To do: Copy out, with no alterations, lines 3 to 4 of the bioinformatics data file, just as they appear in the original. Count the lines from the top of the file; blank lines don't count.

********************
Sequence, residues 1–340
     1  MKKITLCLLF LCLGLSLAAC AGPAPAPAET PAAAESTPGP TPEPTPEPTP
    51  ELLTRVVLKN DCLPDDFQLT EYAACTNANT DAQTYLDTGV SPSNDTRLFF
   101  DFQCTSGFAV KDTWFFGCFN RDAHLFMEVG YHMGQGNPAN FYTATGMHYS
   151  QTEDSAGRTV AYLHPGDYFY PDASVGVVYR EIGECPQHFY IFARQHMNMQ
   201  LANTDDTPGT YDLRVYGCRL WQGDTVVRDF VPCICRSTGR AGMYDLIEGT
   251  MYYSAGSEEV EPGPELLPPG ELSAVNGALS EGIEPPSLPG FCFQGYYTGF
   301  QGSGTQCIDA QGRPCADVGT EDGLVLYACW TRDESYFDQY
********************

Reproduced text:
    51  ELLTRVVLKN DCLPDDFQLT EYAACTNANT DAQTYLDTGV SPSNDTRLFF
   101  DFQCTSGFAV KDTWFFGCFN RDAHLFMEVG YHMGQGNPAN FYTATGMHYS